Put your feet up while you motor through the 365 tropical islands (one for each day of the year they quip) that were born thousands of years ago out of the last eruption from the ever vigilant Mombacho Volcano that gives grandeur to Granada’s skyline.
Check out a quick video to see what it is like to tour the islands!
I write about weather a lot, but when you live in Granada weather is something that you will notice and you will have to form your strategies of how to keep your family comfortable and entertained despite extreme heat or a rainy day.
Many homes in Granada do not have air conditioning or residents are hesitant to use air conditioners because of exorbitant electricity costs in Nicaragua. There are also very few businesses in Granada that use air conditioning for the same reason.
So trust me, we know each business that does keep the air flowing and on a sweltering day, I can make up a good excuse to head to one of them.
Update: Aiden and I have toured Mombacho Volcano now three times and I feel just as strongly about how worthwhile this activity is for families as when I wrote this article in 2017. The prices and transport times listed below are current as of January 2018.
When Semana Santa (otherwise known as Spring Break or Easter Vacation) hit Granada in April, I decided we needed a plan to give ourselves a rest from the constant heat. Ironically, this led us to visit a volcano. Mombacho Volcano Natural Reserve was a perfect solution for getting the family outside and recreating in breathtaking Nicaraguan nature without feeling the summer burn.
When you arrive to the top of Mombacho Volcano which has three craters, you will appreciate that you are now in a cool, breezy, cloud forest full of tropical canopy and exotic critters. It is like someone has suddenly turned on the air conditioning. This leads to a boost of physical productivity! Watch your kids take off down the trail…. Continue reading “Hiking Mombacho Volcano with kids in Nicaragua”→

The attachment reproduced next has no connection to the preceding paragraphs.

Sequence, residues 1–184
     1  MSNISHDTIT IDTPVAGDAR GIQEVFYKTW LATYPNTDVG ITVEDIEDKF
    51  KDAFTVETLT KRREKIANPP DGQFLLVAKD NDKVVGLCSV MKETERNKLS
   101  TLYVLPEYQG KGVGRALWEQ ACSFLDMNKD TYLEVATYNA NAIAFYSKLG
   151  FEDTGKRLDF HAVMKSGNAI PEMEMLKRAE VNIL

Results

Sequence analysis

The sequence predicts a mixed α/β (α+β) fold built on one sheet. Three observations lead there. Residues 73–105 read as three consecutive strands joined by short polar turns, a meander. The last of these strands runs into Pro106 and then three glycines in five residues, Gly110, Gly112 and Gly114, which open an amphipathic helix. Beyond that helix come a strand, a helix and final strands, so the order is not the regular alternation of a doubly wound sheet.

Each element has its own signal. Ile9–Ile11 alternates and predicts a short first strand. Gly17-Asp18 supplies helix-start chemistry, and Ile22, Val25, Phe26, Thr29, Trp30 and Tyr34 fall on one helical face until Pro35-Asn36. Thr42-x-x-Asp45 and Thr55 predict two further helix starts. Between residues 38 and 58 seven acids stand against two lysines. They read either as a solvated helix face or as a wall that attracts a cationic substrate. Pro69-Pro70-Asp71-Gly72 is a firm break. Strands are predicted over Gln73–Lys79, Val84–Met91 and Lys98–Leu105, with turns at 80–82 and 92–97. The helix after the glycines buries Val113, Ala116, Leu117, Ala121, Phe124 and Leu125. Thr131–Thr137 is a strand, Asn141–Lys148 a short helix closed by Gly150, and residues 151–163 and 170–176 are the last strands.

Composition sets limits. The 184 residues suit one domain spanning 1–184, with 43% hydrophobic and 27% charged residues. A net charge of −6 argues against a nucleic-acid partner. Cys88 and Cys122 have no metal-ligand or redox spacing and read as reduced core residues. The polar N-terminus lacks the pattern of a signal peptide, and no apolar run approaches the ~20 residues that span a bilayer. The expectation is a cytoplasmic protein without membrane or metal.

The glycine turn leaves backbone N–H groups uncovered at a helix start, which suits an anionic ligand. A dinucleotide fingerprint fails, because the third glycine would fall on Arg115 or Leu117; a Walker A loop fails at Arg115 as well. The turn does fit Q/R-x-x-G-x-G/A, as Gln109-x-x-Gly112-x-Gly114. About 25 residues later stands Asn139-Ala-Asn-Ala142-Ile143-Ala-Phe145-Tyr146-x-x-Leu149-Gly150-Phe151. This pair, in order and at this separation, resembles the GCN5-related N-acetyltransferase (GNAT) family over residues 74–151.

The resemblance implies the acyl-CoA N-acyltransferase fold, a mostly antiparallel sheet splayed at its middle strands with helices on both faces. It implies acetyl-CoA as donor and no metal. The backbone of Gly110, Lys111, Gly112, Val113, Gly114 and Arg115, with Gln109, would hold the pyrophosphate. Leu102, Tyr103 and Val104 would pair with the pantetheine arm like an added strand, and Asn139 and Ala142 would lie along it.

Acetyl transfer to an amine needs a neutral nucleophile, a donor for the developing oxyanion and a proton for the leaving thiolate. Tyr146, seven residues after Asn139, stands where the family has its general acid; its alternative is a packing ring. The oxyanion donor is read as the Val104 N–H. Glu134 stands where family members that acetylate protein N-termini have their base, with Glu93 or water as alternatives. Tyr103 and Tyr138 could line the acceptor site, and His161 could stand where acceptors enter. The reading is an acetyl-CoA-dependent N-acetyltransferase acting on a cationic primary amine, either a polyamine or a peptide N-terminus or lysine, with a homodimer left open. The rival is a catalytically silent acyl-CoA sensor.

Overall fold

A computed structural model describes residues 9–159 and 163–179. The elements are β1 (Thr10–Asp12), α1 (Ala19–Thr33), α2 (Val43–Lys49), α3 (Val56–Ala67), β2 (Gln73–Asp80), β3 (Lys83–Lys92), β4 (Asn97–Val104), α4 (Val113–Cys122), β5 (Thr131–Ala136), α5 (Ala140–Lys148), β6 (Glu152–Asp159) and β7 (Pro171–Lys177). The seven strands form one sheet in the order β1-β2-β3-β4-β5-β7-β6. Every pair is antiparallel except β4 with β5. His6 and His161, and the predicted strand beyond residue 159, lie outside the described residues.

In every season, dry or rainy, Nicaragua faces a plague of mosquitoes that is either merely a nuisance or downright dangerous depending on the mosquito. Most mosquitoes that enter our home might pester us at night or have us searching for the ultimate remedy to relieve the itchiness but these mosquitoes are nothing worse than what we might encounter in Charlotte, North Carolina on a summer night or during a camping expedition.
However in Nicaragua, there are other varieties of mosquitoes that are carriers of serious viruses that can make you very sick. Having had dengue fever twice, I can tell you that it is no war story from your travels with which you will regale your friends lightheartedly. The same could be said of malaria or the Chikungunya virus. On the other hand, both Aiden and I had the Zika virus like most everyone else last year and it was not too terrible: I dread much more having the common flu.
Thankfully, the city of Granada and the Ministry of Health (MINSA) do actively campaign against mosquitoes. Health workers will regularly pass by your house to do an inspection of your yard (you must let them in but you can demand to see identification). They will advise you of areas that may shelter mosquito larva due to standing water and will place sandwich bags of insecticide (these look like small baggies of sand and are called abate) inside those areas in question. Continue reading “How to protect kids and family living with mosquitoes in the tropics”→